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Food and Diet in Assyria

We will try in this small article to shed some light on the subject of food and diet in Assyria and Babylonia since it is a subject seldom covered in most conversations.

While the quantity and variety of vertebrate animal remains, and in particular those of the mammals, show how important protein foods have been to man since his emergence. Early communities made full use of the whole range of mammals, and indeed all-animal life, found in their territory. Some animals—or parts of them –would, no doubt, have been considered ‘delicacies’, but in hunting and collecting economies there is no place for a genuine food bias. The distribution of mammal groups today is of course not necessarily a guide to that of the past, and on this score man himself has markedly altered the spread of some such populations—usually to their detriment, if we except domestic animals.

The earliest evidence of domestic sheep comes from the site of Zawi Chemi Shanidar (Iraq), and projects their history back to about 9000 BC. The bones showed that this early community was killing a large part of each year’s young for food and skins before the end of each year. By about 2000 BC, a number of domestic varieties are in evidence in Assyria and probably all were derived from wild urial sheep stock. The remains of cattle from the Halafian site of Bandahilk (Iraq) seem very likely to be of a domestic stock and not a small wild population, suggesting that the domestication of different species and varieties of cattle were known going back even 7,000 years ago. First, there was bos primigenius. This was widely distributed and was the most common breed and was the ancestor of the oxen of modern Mesopotamia. The Second variety was bos bubalus, or the buffalo, a native of Asia Minor and reached Mesopotamia at the time of the Akkadian dynasty. A third variety, now extinct, was the huge and savage bison. The great winged bulls, the tutelary genii that guarded the gates of the Assyrian capital city Khorsabad (Dur-Sharrukin), represented a memory of the bison, which was by far the most dangerous animal in Mesopotamia. The last variety was Zebu or hump-backed ox were bred in Mesopotamia by about 3000 BC, as it seems from art evidence.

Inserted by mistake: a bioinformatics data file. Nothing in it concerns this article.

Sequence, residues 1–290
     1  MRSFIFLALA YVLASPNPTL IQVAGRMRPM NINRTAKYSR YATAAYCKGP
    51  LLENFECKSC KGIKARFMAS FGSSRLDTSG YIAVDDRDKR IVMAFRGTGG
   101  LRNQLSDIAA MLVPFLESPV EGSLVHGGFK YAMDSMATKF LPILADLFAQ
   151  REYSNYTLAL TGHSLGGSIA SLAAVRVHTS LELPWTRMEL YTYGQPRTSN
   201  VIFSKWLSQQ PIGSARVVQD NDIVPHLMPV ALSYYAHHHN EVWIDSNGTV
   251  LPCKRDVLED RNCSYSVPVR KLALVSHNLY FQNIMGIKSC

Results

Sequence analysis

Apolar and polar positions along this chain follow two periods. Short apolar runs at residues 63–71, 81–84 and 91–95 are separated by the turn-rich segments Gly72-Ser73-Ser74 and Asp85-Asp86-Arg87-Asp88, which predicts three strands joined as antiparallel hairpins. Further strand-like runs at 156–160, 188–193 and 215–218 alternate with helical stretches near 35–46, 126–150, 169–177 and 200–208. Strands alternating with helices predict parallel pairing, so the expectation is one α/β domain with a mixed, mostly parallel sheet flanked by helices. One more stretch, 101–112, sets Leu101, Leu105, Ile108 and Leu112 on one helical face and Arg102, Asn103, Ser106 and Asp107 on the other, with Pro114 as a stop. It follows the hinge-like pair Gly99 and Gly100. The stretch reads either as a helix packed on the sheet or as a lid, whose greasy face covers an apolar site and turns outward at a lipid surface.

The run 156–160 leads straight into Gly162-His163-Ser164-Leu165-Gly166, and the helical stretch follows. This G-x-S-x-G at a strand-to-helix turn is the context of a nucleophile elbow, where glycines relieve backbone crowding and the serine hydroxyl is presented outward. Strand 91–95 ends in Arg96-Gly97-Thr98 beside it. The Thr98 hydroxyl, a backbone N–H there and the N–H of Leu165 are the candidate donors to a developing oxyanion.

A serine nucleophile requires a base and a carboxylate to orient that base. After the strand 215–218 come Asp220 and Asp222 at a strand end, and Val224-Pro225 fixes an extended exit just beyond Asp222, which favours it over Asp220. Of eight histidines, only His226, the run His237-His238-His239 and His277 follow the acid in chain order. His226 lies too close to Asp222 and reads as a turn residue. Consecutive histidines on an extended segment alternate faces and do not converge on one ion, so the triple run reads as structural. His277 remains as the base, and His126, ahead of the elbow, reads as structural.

We judge from other textual evidence from the time of the Assyrian King Sargon II that the economy in Babylonia was based at least partially on animal husbandry and on agriculture. Horses, mules, oxen, sheep, and goats were captured from the Aramean tribes and a percentage of the annual increase of their flocks was designated for tribute to Assyria which was growing in population and needed as much sources for food and transportation as possible.

Milk and milk products are perishable, therefore, their history is patchy, depending for the most part on literary, ceramic and art evidence. Early representations of milking include that in a frieze at Ur (c. 2900 BC). Probably cow and goat milk have been the most generally used by early communities. The use of butter, sour milk and cheese must have quickly followed the regular milking of animals, for by accident alone this milk product must have occurred again and again. Butter would be very easily produced merely by the action of transporting milk from place to place in containers. Certainly in Mesopotamia it was of great importance. The milking scene from Ur demonstrates the method used by the shepherds: a man is seated rocking a large narrow-necked jar lying on its side, and to his left two men are straining the resulting liquid in order to take off the butter. In Assyrian all fat was described simply as ‘fat’. When the phrase is unqualified or is accompanied by some term implying excellence, it meant butter. Other forms of fat like that derived from the sesame plant were explicitly described. There is some doubt, however, which has been cast on the use of the word ‘butter’ and later translators have substituted ‘curds’ as a more accurate description of the product. In Mesopotamia cheese making was an important task, and some cylinder seals found there depict the shepherd with his flocks, and rows of little circles probably representing cheeses. Numerous cheese-moulds were found in the dairy of the Palace of Mari (3rd millennium BC).

Our knowledge of the early domestication of birds is still very meagre. Fowls were known for a long time though, it appeared on Assyrian seals by the 8th century BC. The wild birds, which were however sometimes kept as pets, included the ibis, the crane, the heron (of which 7 varieties have been counted), which frequented the marshes, and the pelican, which was trained for fishing, while the fields were the home of thrushes, blackbirds, sparrows and larks. Quails were rare, but partridges and francolins bred in the country and we can see the latter being hunted with the bow on a bas-relief from Khorsabad (Dur-Sharrukin) of the time of King Sargon II, now in the Louvre Muesum.

Fish was popular to the Assyrians and the rivers following through Assyria were a good source for them. Their knowledge of the breeding habits of fish was considerable and fertilized eggs were collected and placed in special lakes or vivaria. The Assyrians maintained an ample supply of fish in the dams they built. The canals were also useful as a source of edible fish, and fishing is often referred to as an occupation. An Assyrian bas-relief shows a little round pond fed by a stream and the sculptor has been careful to make clearly visible the fish, which it contains, as though they were on the surface. Fishing was generally done on a line, but various kinds of net were also employed. The pond depicted on this particular relief is so regular in shape that it may well be a special stew fed by a branch stream from a canal. Fish, eaten both fresh and dried, was an important element in Assyrian diet. The larger fish were dried gutted, filleted, and hung on a line, as is still done in Norway. Smaller fish were left in the sun and then compressed into a solid block, from which the required quantity could be cut off. Discoveries at Tello recognized fragments of this dried fish.